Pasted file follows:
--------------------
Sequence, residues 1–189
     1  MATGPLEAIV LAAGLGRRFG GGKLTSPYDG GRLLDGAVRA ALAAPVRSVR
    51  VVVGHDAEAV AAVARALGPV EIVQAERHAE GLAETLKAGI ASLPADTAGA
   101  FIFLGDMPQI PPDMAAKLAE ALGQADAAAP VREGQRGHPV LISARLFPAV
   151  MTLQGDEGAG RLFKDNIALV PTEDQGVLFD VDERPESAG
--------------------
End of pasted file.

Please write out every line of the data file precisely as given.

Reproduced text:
Sequence, residues 1–189
     1  MATGPLEAIV LAAGLGRRFG GGKLTSPYDG GRLLDGAVRA ALAAPVRSVR
    51  VVVGHDAEAV AAVARALGPV EIVQAERHAE GLAETLKAGI ASLPADTAGA
   101  FIFLGDMPQI PPDMAAKLAE ALGQADAAAP VREGQRGHPV LISARLFPAV
   151  MTLQGDEGAG RLFKDNIALV PTEDQGVLFD VDERPESAG